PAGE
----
After three months in Argentina and less than two weeks in Chile I’m not exactly an expert on either country. But, I’m going to pretend I am and tell you all the differences I’ve seen so far.
Wine – the wine is good and cheap in both places. Argentina was all about malbec. Chile is all about cabernet sauvignon. Luckily, we like both…a lot.
Cheek kiss – In Argentina they cheek kissed all the time, everyone men and women. Jeff was never completely comfortable cheek kissing other men, but after three months he got used to it. He did it enough that it became automatic.
On our second night in Chile we ran into our taxi driver from the day before in a gas station. He kissed me hello, chatted and he cheek kissed me goodbye. Then a week later we were signing our lease in La Serena. As he was leaving Claudio, our rental agent cheek kissed me. He shook Jeff’s hand and Jeff automatically cheek kissed him. It was totally normal, our Argentinian landlord was constantly cheek kissing Jeff.
Claudio pulled back, laughed and quickly explained to Jeff that in Chile men only cheek kiss women, not other men. Jeff was embarrassed, Claudio amused and I almost died laughing.
Stop signs and lights – Chile has them, Argentina doesn’t. After three months I still never knew how to cross the streets in the big city of Buenos Aires to the smallest little town, I just sort of waited for traffic to clear, said a little prayer and ran across. In Chile there are actual stop signs and lights, and even walk signs.
Butter – Both countries eat a lot of bread. In Argentina they do not eat it with butter, at least not in restaurants. They serve it with different kinds of saucy spreads which are good. But, if I’m going to ruin my diet with a bunch of carbs, I like to include fat grams as well.
Money – you need it in both countries. In Chile you need more of it. Chile is much more expensive than Argentina, at least as a tourist. But even more crazy is the exchange rate. Argentinian pescos are 4 to one US dollar. That got a little confusing, but even I was able to figure that out without a calculator. Chilean pesos are 480 to one US dollar. That is something I can’t do in my head. I can barely do it on a calculator.
Peanut butter and granola bars – You can get a surprising amount of US type things in Argentina and Chile – oatmeal, cereal, granola, potato chips, etc. But some things you just couldn’t get in Argentina. Peanut butter was one. US style granola bars were another. This brand has an entire display in the grocery store with all kinds of US type products.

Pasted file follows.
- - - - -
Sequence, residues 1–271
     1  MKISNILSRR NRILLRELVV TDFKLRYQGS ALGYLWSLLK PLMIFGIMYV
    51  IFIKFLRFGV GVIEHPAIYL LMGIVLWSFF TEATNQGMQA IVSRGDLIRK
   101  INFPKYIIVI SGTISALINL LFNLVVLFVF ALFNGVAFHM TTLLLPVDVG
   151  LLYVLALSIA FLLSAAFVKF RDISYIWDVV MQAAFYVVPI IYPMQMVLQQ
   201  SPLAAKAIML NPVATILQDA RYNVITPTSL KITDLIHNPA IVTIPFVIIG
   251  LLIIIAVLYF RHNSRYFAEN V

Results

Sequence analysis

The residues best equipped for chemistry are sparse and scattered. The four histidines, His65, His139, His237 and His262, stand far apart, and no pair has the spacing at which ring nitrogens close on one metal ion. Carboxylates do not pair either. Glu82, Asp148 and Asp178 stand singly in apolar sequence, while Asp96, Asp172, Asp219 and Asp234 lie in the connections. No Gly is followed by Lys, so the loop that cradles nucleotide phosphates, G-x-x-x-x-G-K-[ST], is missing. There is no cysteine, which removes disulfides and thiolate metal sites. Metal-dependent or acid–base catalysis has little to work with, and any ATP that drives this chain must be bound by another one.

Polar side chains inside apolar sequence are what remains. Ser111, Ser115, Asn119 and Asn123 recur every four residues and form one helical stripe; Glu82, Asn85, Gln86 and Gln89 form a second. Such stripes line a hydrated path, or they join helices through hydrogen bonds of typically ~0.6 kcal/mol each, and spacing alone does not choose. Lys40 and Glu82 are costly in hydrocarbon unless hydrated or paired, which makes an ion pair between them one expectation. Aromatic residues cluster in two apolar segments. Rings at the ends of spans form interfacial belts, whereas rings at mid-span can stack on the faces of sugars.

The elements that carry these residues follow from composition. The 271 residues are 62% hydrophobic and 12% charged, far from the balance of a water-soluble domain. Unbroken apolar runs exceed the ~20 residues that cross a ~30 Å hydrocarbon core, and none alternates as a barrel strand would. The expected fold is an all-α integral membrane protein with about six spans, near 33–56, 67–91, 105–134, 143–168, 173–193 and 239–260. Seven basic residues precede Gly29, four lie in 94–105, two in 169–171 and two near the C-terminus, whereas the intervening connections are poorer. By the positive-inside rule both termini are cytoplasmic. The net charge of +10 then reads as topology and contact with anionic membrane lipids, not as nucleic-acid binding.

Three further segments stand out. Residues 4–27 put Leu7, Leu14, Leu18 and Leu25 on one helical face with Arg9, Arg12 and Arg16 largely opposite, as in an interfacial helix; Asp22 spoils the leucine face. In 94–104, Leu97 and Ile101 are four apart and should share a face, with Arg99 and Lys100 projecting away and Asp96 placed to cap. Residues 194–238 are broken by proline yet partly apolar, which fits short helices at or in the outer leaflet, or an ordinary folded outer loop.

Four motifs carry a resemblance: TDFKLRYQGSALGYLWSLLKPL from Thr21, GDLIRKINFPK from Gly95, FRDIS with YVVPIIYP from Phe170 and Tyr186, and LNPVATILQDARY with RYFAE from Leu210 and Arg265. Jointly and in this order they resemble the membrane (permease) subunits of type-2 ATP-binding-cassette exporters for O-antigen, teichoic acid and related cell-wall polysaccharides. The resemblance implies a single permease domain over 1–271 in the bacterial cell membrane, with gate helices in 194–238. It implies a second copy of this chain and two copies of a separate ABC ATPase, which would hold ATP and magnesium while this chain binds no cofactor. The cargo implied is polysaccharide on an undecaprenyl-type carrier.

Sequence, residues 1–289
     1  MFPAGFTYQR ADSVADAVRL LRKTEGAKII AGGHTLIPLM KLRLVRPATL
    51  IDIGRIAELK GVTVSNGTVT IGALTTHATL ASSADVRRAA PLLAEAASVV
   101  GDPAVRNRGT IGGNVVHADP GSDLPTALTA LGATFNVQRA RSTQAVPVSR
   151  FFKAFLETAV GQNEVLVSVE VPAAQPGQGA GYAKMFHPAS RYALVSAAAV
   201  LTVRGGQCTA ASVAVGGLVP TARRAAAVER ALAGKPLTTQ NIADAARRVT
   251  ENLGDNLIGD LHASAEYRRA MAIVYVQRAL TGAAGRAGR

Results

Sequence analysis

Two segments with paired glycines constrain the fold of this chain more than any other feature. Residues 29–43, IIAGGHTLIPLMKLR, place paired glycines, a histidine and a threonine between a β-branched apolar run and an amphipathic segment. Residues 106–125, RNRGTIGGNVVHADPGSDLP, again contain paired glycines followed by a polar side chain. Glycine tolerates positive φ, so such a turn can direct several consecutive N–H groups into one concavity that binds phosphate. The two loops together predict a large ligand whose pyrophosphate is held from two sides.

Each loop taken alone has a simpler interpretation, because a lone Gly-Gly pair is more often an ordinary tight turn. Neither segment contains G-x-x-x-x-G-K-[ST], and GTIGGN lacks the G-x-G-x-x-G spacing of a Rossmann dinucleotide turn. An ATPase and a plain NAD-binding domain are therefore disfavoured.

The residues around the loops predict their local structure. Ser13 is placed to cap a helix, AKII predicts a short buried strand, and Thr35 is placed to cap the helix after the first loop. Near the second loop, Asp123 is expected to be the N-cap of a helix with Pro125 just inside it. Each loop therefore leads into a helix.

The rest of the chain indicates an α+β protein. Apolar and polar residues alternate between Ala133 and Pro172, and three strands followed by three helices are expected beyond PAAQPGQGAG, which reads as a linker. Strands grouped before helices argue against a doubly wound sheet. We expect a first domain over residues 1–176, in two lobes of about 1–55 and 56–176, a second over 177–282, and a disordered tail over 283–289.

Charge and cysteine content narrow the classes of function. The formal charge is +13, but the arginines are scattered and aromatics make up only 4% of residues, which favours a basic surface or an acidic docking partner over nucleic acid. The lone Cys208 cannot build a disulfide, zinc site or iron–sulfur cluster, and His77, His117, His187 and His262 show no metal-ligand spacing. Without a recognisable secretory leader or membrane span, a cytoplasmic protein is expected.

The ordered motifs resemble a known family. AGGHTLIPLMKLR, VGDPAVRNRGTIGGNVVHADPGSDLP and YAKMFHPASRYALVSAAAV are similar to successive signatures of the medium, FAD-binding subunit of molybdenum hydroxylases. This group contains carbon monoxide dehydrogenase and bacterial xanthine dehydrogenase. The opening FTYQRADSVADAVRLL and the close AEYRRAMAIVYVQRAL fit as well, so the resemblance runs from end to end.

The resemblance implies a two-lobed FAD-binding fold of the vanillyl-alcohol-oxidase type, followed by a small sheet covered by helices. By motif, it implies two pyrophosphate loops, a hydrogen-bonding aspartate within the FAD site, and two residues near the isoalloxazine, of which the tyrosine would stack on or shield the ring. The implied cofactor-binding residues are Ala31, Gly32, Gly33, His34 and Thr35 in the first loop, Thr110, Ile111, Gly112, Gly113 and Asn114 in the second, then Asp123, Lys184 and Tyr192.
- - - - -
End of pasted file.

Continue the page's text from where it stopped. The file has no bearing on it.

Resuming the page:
Empanadas – They have them in both countries, but they are very large in Chile. The first time we had them in Chile we ordered 5, the normal amount we used to order in Salta. The waitress must have been laughing her ass off when she prepared them. Five empanadas is enough for a family of 4. They are huge.
Meat and seafood – This is obvious, but the meat in Argentina is amazing. The sea food and fish in Chile is amazing.
They still have weird looking mannequins like in Argentina.
This I think was a one off. I haven’t seen this anywhere else in Chile or Argentina.
10 thoughts on “Chile – Peanut butter, stop signs and cheek kisses”
Is Jeff kissing the man in Chile funnier than him wearing a women’s skirt in Asia? Miss you guys!
That’s a hard one. if I could get him to accidently cheek kiss a man while wearing a sarong I would have enough to laugh about for the rest of my life. If only I could have video taped the look on Claudio’s face.
Your blogs are very informative. We enjoy reading each one and eagerly await the
next one. Great pix and your wit is superb. You are a talented writer!
Enjoy each day. R & G
Thank you! I’m so glad you guys are still liking them and still reading them. 🙂
Another tour de force blog entry! I laughed out loud when I got to the mannequins. Mary Ann’s favorite was the cheek kissing. We both agree that the photos are spectacular! Keep up the excellent blogging!
That brand of “Great Value” granola bars and peanut butter looks exactly like the house brand that WalMart carries! Also, I spotted Yerba Mate on the bottom shelf of Fresh Market. I never would have known what that was before your excellent experience in Argentina. It was very expensive–like $7 dollars for a small bag.
I wonder if it’s not the exact same stuff, all the labels are in English and the prices are as if it was imported. A can of diced tomatoes was $5. Not sure why I bought 3 cans instead of just chopping up fresh tomatoes. Habit I guess. My mate habit is going to get expensive in the US.
The one off really killed me. Though, hard to beat the cheek kissing incident. Poor Jeff. It’s hard to keep up!
It was the most decorated toilet I think I’ve ever seen, very impressive. It’s so much easier being a woman in a cheek kissing culture, I just kiss no matter what.
I am an expat now living in Chile. If you are in the Villarrica area hit me up on email. The link on my name is to an article on how I offended several young Chilean women by not immediately kissing them. About the money, just double the primary part of the bill, so 10,000 becomes 10X2 and you will be close. My problem is I still feel like I am only spending 10 USD. So I really have to watch it.